Step 6: After the dog is consistently going to the mat and taking the position that you want him to be in (sitting or lying down), it’s time to teach him how to stay there for longer periods. Here’s how to do it, using sit as the desired position: Mark the behavior (with a click or marker word) as soon as he sits on the mat. A moment later, while he is still sitting, click and treat him again. The idea is to mark the behavior as fast as necessary, but as slow as possible. So, click and treat the dog every second for sitting, for five continuous seconds. Then release him. Let him move around a bit before asking him to repeat the exercise.

  • Tip: Pretty quickly, you’ll want to vary how frequently you are treating (e.g., click after one second, then two seconds, then one second, then three seconds, then four seconds, then one second) and slowly work up to a longer continuous time of sitting on the mat.

Step 7: If you want, you can change the dog’s cue to go to his place from a word to a sound in the environment. For example, if you would like your dog to go to his place when people come to the house, you can train him to go to his bed when he hears the doorbell or someone knocking. To do this, present your new cue (e.g., have someone ring the doorbell), then give the dog the verbal cue (e.g., “place”). When the dog goes to his place, click and treat. Repeat 10 times, and then just give the new cue (e.g., the doorbell sound). If the dog goes to his place, click and treat. If not, do the exercise using both cues a few more times.

  • Tip: If your dog gets too excited at the sound of the doorbell (or someone knocking) to respond to the verbal cue, do the following before starting this step: Ring the doorbell or knock on the door (without opening the door or having any other excitement) enough times in succession that he starts to get used to it.


Proofing means teaching the dog to generalize the behavior in different contexts — in different areas, with different distractions and handlers, and for longer periods of time.

Longer times: Following Step 6 instructions, slowly work up to 10 seconds on the mat, then 15 seconds, 30 seconds, 45 seconds and a minute. When your dog can stay on the mat for a full minute, you can start working on distractions.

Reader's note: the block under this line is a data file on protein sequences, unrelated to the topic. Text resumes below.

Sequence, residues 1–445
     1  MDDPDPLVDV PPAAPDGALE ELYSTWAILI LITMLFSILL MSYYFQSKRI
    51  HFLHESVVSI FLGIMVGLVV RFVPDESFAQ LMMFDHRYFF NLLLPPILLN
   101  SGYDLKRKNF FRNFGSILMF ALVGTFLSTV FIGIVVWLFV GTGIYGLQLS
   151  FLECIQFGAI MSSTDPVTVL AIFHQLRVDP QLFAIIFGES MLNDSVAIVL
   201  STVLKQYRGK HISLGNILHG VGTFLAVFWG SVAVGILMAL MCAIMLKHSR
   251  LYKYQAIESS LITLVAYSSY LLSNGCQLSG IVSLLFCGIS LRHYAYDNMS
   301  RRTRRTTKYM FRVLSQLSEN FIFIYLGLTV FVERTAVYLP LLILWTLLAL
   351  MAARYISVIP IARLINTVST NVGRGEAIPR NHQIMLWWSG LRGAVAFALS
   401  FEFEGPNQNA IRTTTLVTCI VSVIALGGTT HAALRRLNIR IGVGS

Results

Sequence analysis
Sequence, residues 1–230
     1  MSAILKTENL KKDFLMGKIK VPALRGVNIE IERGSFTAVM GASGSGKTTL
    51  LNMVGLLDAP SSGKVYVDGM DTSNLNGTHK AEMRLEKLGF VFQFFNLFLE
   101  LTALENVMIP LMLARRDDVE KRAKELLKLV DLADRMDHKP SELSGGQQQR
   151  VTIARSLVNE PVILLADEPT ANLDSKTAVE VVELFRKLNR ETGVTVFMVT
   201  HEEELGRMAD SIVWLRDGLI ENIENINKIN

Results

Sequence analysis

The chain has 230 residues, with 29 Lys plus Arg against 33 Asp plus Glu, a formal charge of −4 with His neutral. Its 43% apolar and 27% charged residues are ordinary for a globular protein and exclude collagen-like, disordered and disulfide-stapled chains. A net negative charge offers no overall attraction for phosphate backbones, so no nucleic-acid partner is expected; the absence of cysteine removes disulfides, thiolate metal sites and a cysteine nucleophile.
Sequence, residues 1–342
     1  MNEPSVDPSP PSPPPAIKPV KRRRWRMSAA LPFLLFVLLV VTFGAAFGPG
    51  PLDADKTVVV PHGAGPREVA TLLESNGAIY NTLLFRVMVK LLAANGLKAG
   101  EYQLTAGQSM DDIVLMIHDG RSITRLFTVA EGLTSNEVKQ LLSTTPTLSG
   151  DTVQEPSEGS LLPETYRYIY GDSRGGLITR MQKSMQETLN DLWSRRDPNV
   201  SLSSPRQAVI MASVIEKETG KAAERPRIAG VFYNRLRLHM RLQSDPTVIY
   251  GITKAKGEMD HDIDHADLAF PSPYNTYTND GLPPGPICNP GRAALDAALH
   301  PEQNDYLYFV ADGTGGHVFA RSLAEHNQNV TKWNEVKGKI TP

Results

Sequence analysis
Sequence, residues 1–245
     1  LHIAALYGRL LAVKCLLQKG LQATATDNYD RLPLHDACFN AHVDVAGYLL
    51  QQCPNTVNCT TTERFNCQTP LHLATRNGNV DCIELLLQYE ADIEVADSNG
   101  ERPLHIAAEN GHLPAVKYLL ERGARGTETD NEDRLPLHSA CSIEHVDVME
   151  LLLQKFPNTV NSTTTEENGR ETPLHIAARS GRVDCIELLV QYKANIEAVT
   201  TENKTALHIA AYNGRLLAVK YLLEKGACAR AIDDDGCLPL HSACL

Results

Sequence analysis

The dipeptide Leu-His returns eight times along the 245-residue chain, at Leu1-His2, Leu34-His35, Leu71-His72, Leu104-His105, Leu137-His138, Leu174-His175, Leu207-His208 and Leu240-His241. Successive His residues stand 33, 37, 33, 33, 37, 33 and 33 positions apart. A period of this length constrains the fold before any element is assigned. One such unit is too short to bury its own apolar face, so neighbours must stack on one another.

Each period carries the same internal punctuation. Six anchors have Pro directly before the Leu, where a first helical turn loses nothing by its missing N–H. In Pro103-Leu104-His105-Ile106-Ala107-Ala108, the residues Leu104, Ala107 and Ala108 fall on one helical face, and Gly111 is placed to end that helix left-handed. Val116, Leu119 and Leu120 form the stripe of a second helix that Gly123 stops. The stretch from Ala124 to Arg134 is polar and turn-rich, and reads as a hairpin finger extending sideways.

Distractions: Here are some distractions you can introduce:

  • Squeaky toys
  • Other dogs
  • You moving around
  • Another person moving around
  • A familiar person entering the house after the doorbell rings
  • An unfamiliar person entering the house after the doorbell rings

Distances: Ask your dog to go to his bed when he’s at different distances from the bed (e.g., a foot away from the bed, three feet from the bed, across the room from the bed).

Handler position: After asking your dog to go to his bed, move a couple steps away, then several feet away, then all the way across the room. You can also assume different positions. Try asking him to go to his place when you’re sitting down, with your back slightly turned from him, and any other position you can think of.


Here are some additional tips:

  • In the beginning, make it a party every time your dog goes to the mat. Whenever he is on the mat, praise and treat him profusely. As soon as he gets off, ignore him.
  • Make sure you give a release cue so your dog knows when to get off the mat.
  • There are many different ways to train this behavior. If your dog is already familiar with shaping, you can use that technique.

If you get stuck between steps, create an intermediate step with duration that your dog is comfortable with. Don’t rush: Take it at the dog’s speed.